After that we cleaned up and headed for the Kettle. We elected to fish the same section as the night before. There weren’t as many risers but I did manage to catch a few on the Yellow Drake and Light Cahill Patterns before nightfall. Jeff caught a few also but it was slow going.

 Back at camp I sizzled up some deer tenderloins, in the cast iron skillet, I had marinated in Soy sauce and Worcestershire sauce mixed with Montreal steak seasoning. With a side order of heated zucchini and summer squash washed down with a beer or two made for a great dinner before smoking the day’s last cigar.


Fishnets and chaps

Fishnets and Chaps

My Harley stood among Harley’s
On this fishless weekend
When not wetting a line
I party with friends

T & A and leathers
Fishless perhaps?
I was reminded frequently
by fishnets and chaps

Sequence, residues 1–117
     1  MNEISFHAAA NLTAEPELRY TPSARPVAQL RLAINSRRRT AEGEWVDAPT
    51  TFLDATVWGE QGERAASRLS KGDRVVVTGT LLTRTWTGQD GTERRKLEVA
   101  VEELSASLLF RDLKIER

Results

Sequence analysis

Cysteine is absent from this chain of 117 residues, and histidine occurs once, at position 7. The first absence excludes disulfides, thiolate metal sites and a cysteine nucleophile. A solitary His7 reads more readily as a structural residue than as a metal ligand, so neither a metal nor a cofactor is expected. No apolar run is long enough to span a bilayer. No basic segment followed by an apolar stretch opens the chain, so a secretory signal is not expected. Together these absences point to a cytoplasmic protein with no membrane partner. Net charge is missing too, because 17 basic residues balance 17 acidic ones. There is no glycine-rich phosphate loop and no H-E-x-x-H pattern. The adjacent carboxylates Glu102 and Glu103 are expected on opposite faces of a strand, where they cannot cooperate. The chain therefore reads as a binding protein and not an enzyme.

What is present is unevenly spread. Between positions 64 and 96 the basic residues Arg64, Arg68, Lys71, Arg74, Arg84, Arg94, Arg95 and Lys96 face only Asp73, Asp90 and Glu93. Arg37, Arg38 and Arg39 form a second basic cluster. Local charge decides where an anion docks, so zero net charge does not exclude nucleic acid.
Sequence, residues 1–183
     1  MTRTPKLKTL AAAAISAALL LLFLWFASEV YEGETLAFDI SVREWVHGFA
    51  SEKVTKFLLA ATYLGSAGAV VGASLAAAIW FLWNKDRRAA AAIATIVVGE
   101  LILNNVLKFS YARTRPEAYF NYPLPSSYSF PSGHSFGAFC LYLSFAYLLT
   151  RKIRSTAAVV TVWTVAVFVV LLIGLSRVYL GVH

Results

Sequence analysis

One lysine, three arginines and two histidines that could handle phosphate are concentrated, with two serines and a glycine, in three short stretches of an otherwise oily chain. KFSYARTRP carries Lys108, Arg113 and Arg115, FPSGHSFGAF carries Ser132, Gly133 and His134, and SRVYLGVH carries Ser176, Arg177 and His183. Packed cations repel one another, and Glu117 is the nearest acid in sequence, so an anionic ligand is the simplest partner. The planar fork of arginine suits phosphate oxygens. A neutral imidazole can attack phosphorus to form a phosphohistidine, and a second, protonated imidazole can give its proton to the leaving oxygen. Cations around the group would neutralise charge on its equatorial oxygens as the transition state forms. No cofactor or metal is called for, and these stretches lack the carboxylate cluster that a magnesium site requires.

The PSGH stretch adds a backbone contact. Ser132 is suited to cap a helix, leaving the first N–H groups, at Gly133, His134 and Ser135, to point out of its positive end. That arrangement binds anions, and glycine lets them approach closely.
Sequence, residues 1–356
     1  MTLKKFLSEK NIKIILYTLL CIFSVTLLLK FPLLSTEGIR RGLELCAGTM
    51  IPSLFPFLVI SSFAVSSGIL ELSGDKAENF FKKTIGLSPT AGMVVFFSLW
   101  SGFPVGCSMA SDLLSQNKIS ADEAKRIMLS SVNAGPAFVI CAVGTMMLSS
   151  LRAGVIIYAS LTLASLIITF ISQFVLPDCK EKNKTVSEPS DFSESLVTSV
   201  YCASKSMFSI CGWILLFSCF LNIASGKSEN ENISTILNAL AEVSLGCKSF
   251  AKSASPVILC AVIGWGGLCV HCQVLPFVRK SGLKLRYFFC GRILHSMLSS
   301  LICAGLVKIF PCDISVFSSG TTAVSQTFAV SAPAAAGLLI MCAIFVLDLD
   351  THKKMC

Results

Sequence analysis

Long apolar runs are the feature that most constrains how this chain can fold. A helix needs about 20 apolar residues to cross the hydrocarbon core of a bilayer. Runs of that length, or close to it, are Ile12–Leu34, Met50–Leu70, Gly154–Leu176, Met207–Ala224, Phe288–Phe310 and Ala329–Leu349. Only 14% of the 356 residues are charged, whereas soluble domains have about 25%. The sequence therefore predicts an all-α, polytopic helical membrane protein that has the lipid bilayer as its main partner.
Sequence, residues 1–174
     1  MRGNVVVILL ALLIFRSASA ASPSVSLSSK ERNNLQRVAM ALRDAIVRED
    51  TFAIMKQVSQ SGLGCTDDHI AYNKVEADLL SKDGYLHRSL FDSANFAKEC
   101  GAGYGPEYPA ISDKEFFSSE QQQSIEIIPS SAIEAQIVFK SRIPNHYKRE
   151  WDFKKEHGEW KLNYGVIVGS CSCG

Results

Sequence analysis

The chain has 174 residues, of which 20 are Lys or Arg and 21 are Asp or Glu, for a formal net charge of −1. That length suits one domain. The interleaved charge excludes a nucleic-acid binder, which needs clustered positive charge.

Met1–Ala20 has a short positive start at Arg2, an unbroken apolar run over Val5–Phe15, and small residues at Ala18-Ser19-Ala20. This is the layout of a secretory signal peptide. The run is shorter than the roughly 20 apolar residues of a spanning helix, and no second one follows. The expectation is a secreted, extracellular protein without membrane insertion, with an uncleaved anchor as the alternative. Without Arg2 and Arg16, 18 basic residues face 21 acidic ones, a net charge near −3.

Throughout the hot day
my thirst quenched with beer
The wet ‘T’ contest
made us all cheer
As evening approached
still, there was no lapse
of the continuous sight
of fishnets and chaps

A hand rolled cigar
and Gentleman Jack
kept me content
though fishing I lacked

The band played into darkness
as beer flowed from 12 taps
I frolicked and I partied
among fishnets and chaps
Bemused in my van
on the blanket I laid
and dreamt I was fishing
for a leather clad mermaid


Friday, June 25, 2010

Plan 'B' 6/19/10

Plan ‘B’ 6/19/10

“The sun was so hot I froze to death….”

Well I didn’t actually freeze but the consensus was the temp. on Saturday rose to almost 90 degrees, high humidity and no breeze to cool things off here in PA. Early Saturday Jim and I met Ken along the Clarion River to fish for trout and smallmouth later on. At around 6:15am there were already 6 bait fishermen slinging minnows where we wanted to fish. As we were contemplating a Plan ‘B’ two more bait casters showed up in the parking lot and got their gear together. We decided to head up river, way up river, to find some more desolate waters.